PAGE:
The new study, published Wednesday in the journal Royal Society Open Science, has made a number of interesting findings. Researchers enlisted a group of 40 volunteers to listen to a variety of dog growls during numerous tasks.
A total of 18 different dogs were recorded guarding their food, playing a game of tug of war, and facing a threatening stranger. Participants were able to match the growl to the action 63 percent of the time, in what scientists say amounts to much more than just guesswork.
Scientists said that each growl was recognized above the level of chance, with listeners able to understand 81 percent of playful growls, but less adept at recognizing the others.
“Participants associated the correct contexts with the growls above chance,” wrote Dr. Tamas Farago, who, along with colleagues from Eotvos Lorand University in Hungary, conducted the research.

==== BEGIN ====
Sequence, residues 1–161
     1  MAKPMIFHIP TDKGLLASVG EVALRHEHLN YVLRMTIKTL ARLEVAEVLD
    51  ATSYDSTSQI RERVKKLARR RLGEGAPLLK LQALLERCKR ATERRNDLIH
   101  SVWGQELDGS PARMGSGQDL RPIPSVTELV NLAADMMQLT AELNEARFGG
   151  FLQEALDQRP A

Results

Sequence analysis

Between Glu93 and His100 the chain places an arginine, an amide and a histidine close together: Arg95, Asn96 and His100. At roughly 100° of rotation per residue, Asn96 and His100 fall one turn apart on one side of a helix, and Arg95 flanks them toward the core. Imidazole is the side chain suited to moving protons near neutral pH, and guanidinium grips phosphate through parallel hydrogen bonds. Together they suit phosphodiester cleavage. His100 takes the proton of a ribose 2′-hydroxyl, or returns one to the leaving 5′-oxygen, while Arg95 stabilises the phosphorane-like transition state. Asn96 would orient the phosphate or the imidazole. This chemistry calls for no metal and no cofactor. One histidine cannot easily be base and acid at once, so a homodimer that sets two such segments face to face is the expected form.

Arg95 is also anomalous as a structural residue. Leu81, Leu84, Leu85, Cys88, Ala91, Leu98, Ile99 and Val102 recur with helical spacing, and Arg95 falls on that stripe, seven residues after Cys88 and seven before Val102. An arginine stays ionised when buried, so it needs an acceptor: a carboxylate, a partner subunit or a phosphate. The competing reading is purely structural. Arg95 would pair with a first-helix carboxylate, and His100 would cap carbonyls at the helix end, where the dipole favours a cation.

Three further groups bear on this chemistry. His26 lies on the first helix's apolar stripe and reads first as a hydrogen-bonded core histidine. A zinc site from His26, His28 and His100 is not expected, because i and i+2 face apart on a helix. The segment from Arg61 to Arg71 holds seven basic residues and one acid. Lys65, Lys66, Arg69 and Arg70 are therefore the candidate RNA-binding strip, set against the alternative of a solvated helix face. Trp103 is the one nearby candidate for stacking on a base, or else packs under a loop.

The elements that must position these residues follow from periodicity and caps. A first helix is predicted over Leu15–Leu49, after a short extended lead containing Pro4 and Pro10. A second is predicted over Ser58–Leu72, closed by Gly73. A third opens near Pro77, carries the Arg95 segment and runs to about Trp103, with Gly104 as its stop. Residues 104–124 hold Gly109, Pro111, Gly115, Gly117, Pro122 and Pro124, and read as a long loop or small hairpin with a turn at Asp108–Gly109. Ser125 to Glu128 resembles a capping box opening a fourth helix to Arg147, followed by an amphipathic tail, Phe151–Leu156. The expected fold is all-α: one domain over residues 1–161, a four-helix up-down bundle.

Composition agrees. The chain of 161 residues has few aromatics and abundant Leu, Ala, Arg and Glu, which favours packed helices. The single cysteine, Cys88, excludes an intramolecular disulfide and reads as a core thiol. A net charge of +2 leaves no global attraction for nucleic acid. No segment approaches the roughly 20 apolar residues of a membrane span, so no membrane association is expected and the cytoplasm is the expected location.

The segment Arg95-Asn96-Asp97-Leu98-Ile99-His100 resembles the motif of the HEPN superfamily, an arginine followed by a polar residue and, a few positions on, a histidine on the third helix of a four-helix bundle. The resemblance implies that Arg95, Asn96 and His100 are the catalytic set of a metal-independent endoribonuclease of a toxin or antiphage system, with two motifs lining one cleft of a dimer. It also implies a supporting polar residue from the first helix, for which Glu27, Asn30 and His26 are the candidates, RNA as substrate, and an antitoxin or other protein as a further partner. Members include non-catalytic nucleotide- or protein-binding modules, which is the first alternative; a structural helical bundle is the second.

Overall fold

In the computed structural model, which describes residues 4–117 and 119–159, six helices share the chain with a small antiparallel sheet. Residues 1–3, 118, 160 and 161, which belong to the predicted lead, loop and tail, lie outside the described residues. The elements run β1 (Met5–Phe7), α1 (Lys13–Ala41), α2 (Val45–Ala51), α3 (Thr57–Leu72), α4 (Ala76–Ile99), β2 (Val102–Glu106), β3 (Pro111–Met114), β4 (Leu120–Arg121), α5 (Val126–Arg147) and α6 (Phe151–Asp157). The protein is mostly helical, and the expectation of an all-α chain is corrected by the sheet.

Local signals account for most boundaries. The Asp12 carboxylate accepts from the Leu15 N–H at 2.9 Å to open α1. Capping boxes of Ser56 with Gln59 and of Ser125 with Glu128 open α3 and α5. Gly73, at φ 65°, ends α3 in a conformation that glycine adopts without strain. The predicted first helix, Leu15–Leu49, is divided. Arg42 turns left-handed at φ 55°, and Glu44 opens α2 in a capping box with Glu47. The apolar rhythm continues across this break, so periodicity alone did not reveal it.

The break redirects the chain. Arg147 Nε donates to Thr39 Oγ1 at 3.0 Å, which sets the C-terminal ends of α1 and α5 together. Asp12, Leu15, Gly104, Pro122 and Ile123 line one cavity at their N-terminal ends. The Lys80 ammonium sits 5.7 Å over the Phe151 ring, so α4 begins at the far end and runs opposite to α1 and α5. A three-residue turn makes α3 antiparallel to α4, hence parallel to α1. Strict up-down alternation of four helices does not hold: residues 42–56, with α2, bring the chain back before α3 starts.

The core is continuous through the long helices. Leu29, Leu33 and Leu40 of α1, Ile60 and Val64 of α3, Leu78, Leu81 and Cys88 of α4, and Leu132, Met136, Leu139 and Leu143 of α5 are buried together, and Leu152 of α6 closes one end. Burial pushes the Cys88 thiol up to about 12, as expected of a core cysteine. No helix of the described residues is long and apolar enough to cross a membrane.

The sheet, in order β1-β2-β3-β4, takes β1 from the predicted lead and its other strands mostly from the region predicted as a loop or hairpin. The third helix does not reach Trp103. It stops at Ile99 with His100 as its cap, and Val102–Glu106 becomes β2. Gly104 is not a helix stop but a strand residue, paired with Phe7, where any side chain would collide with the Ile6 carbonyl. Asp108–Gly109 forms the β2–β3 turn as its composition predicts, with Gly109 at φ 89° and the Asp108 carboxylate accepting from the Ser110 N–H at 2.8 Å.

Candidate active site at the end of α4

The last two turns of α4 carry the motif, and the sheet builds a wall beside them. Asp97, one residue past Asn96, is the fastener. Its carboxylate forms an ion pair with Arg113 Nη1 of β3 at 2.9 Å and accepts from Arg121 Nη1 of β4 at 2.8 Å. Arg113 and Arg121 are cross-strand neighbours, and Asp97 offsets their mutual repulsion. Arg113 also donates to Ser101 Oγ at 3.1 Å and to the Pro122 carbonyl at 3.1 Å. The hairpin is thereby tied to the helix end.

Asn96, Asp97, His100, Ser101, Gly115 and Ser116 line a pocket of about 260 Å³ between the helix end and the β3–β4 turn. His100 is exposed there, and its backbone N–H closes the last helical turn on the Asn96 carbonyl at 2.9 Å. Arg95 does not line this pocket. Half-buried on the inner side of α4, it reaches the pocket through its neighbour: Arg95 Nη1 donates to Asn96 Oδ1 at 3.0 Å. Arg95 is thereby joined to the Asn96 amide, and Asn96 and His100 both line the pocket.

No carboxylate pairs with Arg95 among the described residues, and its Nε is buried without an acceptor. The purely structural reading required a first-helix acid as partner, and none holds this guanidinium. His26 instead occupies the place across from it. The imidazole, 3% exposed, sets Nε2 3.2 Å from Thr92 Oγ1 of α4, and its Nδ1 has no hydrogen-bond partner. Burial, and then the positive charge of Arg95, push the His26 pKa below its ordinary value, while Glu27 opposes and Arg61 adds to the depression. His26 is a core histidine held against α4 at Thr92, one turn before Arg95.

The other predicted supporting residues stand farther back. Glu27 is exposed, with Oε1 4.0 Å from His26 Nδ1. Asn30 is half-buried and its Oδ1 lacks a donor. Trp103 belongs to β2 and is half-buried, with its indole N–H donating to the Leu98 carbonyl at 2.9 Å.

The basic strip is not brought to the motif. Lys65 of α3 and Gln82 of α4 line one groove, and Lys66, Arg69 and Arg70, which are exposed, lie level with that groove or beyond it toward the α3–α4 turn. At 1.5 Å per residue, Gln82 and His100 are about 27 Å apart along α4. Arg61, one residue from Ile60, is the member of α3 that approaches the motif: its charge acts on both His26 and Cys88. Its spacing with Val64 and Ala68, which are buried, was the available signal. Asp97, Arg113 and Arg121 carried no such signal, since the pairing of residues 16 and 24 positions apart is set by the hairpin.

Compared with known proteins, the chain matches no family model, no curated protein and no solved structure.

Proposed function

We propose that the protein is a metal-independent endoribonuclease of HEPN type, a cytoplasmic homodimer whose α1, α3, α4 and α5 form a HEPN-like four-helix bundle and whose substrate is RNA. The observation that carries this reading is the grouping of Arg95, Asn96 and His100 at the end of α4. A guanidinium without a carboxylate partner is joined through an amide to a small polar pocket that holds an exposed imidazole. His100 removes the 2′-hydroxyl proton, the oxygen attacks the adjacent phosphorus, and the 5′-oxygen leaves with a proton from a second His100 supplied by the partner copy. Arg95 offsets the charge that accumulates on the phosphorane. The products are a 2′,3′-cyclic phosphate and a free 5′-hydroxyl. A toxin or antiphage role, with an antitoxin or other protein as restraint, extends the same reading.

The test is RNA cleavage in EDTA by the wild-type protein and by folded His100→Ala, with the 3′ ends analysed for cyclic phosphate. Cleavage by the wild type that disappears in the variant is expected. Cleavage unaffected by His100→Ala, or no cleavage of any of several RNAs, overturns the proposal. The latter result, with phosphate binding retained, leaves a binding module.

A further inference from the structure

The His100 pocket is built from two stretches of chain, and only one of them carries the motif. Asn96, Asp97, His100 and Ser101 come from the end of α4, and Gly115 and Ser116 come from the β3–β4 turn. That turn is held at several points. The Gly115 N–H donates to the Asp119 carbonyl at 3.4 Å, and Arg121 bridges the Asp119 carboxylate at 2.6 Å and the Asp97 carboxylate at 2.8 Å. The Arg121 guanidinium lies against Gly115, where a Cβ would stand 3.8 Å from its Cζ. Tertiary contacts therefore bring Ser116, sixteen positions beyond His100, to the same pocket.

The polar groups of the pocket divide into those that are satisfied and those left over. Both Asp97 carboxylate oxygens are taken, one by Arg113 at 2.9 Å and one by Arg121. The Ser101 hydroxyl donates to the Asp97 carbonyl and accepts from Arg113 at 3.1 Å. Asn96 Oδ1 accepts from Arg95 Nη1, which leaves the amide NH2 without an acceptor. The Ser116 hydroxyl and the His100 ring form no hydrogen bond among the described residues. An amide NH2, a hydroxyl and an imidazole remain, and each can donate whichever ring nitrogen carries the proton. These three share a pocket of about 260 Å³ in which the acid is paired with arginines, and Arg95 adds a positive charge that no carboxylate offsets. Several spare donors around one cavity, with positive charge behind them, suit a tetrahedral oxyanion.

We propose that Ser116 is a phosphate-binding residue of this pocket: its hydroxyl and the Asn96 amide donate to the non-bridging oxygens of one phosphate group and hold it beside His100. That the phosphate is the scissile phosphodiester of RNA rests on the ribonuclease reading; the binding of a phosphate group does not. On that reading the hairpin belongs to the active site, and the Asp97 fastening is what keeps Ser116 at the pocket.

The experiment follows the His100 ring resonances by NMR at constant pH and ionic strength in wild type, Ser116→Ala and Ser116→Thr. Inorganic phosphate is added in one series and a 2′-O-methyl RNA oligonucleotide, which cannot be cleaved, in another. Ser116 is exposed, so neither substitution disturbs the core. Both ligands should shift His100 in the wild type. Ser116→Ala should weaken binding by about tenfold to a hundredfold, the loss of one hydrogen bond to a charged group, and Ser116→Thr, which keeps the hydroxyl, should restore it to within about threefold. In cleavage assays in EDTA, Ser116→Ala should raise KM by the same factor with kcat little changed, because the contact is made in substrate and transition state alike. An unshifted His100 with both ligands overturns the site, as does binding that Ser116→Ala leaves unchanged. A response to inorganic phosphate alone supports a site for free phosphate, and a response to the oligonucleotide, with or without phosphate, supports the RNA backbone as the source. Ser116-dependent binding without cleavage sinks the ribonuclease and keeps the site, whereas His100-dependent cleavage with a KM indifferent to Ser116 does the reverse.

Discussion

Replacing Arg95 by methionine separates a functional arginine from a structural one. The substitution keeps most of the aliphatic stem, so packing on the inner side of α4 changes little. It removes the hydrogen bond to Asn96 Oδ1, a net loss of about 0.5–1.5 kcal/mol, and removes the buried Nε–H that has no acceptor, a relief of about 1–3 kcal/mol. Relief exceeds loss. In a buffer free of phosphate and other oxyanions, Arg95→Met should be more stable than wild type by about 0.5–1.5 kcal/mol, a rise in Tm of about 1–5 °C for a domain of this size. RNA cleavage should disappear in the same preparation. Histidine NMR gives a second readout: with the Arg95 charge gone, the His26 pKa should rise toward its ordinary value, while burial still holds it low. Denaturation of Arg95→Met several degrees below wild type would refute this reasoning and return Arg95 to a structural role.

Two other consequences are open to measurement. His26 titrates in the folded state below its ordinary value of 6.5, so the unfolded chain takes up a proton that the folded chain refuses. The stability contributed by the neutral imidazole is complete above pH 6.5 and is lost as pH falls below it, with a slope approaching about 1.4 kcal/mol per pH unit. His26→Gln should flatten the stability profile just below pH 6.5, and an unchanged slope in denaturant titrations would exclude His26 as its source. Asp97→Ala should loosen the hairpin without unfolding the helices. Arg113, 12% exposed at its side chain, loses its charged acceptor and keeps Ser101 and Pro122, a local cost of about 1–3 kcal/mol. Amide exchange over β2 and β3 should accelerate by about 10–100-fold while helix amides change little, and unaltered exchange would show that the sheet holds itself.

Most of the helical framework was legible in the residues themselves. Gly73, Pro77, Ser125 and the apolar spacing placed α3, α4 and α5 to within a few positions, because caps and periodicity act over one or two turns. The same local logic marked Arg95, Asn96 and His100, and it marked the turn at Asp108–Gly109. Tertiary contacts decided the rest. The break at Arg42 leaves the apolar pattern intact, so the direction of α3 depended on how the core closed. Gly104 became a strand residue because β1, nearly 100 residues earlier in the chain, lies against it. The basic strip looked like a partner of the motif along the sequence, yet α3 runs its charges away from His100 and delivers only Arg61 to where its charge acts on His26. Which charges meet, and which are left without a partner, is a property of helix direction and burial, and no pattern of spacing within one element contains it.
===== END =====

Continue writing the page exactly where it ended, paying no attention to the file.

Further to identifying various growl contexts, the group also had to rate them on a sliding scale according to five different emotional states – aggression, fear, despair, happiness, and playfulness.
The scientists found that context had a “significant effect” on reading the dog’s emotions, with playful growls being rated lowest for aggression and food guarding the highest.
When it came to recognizing whether the dog was fearful, playful, or being threatening, “women and participants experienced with dogs scored higher,” Farago said.
In research published in January, scientists from the University of Lyon in Saint Étienne, France found that puppies responded better to women’s exaggerated, high-pitched, dog-directed speech, which may help them learn words, much like such talk does with human babies.
Perhaps dogs aren’t man’s best friend after all.